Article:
The Absolute Minimum Every CLIPS Developer Absolutely, Positively Must Know About the Not-CE and Template-Pattern-Constraints (No Excuses!)

Ok. So I stole the title from Joel's very popular article about Unicode, but it's not just a way to get attention. The point is that there are some things about how CLIPS (and other Rule Engines) handle not that might not be all that obvious to programmers used to languages such as Python or Java.

More specifically, I'm talking about the difference between

|CLIPS> (defrule rule1
| (spam (eggs ?eggs) (bacon ?bacon))
| (test (not (and (eq ?eggs 1) (eq ?bacon 2))))
| =>)
|CLIPS> (defrule rule2
| (not (spam (eggs 1) (bacon 2))
| =>)
You're not alone if you've ever made the mistake of thinking that wrapping a template-pattern-CE with a not would negate the constraints inside it. That's, however, not what the Not-CE does.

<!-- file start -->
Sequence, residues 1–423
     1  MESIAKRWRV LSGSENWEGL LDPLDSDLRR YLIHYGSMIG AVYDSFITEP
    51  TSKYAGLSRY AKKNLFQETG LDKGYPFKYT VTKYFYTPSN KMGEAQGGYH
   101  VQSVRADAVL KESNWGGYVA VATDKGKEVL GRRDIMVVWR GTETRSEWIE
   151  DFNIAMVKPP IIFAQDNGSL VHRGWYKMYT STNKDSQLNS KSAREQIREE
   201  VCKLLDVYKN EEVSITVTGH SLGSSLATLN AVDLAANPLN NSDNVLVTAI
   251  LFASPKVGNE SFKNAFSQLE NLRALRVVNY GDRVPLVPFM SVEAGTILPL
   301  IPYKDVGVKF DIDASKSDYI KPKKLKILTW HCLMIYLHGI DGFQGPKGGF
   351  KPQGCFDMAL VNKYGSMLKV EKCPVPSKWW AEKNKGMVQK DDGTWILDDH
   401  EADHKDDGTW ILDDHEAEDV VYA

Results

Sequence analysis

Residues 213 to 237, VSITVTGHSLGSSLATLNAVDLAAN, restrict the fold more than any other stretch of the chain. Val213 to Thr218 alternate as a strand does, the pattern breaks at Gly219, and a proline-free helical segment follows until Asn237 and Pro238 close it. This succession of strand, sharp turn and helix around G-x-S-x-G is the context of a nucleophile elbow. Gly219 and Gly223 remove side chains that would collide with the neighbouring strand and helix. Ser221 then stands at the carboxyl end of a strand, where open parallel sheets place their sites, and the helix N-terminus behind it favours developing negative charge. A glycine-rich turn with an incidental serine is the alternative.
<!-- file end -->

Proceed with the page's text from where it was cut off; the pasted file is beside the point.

A logical not is the simplest possible operator. It simply returns True if the expression it applies to returns False and vice versa. In CLIPS, it's easy enough to figure out what expression a not applies to, but you might be surprised at how that expression is evaluated?

The Not-CE evaluates to True if there are no facts in Working Memory matching the pattern it applies to. You should think of not as short hand for Not-in-Working-Memory and not as a Not-Equals variant. I know it's not at all that obvious since there are no hints (compare Java's !=) but it should make it's behaviour less of a surprise.

2 kommentarer:

woolfel sa...

lots of people make that mistake :) in JESS ernest uses neq, to make it a bit more clear.

woolfel sa...

there's another common one that many people get mixed up

(or (blah) (blah2) )

(test (or (eq 1 ?var) (eq 1 ?var2) ) )